MARCEL Proust’s In Search of Lost Time is one of the world’s greatest novels, famous for its long winded sentences that seem to go on forever.
The novel is one-and-half million words and each sentence has an average of about 50 words, which is no real match for a motion by councillor Oliver Morgan of Dundalk Council.
Last week, the councillor had two motions before the council.
One ran for 117 words without a break, making little sense to Cllr Martin Bellew and many others.
The motion sought that Dundalk Town Council would take over Dundalk port from Dublin Port Authority.
The other motion reached 177 words with just two commas thrown in.
So eat your heart out Proust. You’re not the only one who can go in search of lost time and lose everyone in the process.
In the last volume of Proust’s masterpiece, the narrator discovers that the two pathways he began writing about one-and-half million words earlier, do not actually go in opposite directions. They are connected, and in a deeply philosophical and joyful epiphany, he discovers his true self and is freed from the order of time.
One gets the impression from these motions that Cllr Morgan is not free to find himself or indeed his own words.
“This is not the first time proposals such as this have been brought before the council,” said Cllr Sean Bellew. “Will Cllr Morgan tell us where this idea is coming from?”
Cllr Morgan said his motion came from a community based organisation: “that’s where it comes from”.
Town Clerk Frank Pentony said the same organisation is a limited company with a registered office in Jonesboro.
Cllr Kevin Meenan said he was on the former Dundalk Harbour Board and it was an eye-opener. He would not be voting that the council get involved in all that again.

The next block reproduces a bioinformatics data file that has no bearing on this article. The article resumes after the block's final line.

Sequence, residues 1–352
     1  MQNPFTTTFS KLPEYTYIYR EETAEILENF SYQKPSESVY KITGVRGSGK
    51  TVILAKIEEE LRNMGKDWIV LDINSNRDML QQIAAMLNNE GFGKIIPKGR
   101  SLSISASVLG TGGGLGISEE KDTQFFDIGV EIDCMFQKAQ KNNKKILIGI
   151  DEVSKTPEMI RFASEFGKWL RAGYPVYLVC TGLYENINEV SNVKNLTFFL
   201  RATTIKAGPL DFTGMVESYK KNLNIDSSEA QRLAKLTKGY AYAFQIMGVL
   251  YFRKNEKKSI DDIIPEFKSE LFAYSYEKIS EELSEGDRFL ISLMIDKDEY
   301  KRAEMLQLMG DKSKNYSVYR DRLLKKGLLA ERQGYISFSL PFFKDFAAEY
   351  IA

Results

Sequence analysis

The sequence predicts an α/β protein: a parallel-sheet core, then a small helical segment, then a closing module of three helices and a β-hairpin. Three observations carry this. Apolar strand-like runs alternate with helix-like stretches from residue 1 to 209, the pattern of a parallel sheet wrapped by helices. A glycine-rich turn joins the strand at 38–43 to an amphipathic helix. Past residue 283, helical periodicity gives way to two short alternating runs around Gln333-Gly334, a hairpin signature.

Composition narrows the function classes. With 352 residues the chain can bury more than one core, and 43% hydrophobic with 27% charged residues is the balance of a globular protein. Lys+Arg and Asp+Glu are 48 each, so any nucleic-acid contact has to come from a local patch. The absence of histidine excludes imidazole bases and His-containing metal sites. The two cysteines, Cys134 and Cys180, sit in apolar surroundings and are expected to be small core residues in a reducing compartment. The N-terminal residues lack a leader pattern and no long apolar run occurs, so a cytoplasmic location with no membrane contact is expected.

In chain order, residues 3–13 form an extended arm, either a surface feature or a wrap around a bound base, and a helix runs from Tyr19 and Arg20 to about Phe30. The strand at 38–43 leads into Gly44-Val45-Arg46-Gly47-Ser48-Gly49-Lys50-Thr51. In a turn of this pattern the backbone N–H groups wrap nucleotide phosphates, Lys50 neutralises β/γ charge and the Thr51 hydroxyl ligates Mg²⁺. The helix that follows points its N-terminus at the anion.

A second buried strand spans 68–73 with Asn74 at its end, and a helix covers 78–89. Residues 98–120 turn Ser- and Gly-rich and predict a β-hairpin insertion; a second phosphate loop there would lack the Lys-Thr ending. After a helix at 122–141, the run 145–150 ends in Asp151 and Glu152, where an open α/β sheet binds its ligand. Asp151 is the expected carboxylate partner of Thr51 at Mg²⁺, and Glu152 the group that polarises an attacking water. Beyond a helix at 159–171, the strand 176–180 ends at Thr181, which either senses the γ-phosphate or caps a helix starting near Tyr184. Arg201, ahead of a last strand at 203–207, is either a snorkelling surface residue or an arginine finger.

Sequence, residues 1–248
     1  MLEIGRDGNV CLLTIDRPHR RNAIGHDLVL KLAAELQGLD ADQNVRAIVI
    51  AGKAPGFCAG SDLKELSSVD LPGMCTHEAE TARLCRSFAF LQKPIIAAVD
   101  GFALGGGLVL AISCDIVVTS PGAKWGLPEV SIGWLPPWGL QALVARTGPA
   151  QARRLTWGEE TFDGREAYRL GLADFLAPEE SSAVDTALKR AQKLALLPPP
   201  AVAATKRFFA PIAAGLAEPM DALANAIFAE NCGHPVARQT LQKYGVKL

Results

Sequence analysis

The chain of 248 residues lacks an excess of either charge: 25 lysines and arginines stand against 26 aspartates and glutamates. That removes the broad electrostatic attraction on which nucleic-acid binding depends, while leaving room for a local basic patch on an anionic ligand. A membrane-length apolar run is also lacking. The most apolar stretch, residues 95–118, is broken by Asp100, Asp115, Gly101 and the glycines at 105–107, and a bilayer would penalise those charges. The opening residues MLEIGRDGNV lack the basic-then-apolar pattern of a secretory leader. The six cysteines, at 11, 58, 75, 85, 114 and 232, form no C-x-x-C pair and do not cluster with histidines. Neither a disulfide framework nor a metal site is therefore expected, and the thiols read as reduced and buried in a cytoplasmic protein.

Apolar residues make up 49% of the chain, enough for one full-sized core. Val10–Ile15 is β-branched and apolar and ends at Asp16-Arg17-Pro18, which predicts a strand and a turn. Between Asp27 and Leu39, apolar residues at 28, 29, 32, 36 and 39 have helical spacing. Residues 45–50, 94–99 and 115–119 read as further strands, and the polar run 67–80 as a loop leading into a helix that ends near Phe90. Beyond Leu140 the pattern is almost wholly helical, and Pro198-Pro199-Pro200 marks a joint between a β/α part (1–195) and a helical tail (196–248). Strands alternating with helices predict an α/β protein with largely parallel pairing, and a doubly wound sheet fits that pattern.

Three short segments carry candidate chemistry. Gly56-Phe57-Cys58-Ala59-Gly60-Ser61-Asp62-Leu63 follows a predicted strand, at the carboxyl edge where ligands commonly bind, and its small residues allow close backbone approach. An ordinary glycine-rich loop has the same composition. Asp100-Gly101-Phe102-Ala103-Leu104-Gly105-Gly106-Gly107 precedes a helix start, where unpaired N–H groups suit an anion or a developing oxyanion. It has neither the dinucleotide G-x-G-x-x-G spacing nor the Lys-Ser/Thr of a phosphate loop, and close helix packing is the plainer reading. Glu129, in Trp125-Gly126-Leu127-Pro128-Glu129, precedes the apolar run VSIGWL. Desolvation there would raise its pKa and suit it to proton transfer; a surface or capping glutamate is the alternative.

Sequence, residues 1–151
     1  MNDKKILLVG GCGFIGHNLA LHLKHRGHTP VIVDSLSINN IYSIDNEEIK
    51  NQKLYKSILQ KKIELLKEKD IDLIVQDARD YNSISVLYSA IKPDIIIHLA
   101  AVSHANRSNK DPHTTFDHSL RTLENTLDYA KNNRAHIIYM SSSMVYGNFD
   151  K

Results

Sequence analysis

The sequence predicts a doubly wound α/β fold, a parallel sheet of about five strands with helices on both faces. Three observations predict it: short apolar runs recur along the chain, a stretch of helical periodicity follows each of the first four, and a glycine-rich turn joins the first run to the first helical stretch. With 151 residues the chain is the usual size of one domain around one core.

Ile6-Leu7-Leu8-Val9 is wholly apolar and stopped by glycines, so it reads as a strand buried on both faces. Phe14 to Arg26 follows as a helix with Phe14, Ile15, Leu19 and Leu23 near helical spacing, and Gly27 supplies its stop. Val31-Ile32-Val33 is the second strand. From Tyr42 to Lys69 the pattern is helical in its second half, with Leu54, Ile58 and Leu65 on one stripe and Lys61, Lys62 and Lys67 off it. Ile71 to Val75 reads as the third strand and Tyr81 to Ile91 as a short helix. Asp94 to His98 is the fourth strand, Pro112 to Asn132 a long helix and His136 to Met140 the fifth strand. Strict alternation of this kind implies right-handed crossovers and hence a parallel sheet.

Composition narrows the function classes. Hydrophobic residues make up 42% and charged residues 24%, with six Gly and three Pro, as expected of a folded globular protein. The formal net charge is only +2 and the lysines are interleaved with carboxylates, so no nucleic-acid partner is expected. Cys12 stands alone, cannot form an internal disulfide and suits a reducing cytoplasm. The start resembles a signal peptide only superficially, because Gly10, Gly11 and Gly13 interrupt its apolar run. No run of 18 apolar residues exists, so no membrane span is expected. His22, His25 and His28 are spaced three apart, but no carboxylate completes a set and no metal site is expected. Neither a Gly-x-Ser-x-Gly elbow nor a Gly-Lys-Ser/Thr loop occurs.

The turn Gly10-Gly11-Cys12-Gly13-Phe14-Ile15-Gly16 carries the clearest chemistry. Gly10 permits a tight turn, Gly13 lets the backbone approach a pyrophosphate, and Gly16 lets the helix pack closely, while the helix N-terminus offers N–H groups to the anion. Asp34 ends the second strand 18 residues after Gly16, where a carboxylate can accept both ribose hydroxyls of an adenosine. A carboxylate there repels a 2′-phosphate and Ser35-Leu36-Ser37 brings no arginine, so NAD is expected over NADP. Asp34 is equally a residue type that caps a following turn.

Cllr Dearey said the port company in Dundalk had been disbanded by the government because it had failed.
He said Dundalk Town Council knew nothing about ports, the whole harbour needed to be dredged, and the local business people in the area hadn’t been consulted about this motion.
Suddenly the whole thing was sinking in its own silt.
The Town clerk said the motion was “very emotive and riddled with inaccuracies”.
That was putting it mildly.
“We will not be approaching Dublin Port Authority,” he announced.
And that was that.
Cllr Marianne Butler called for a vote, but it was already a case of fello de se (Latin for suicide) or fell-in-the-say. Or the harbour. Or the drink.
The second motion also drowned.
And a notice of question drew the wrath of Mr Frank Pentony who took exception to its wording and the slur implied on his professional integrity.
“I do not contrive to mislead the council,” Mr Pentony said. “I ask you to immediately withdraw that. I did not contrive to mislead anybody.”
And again the councillor was asked where is motions or notions are actually coming from?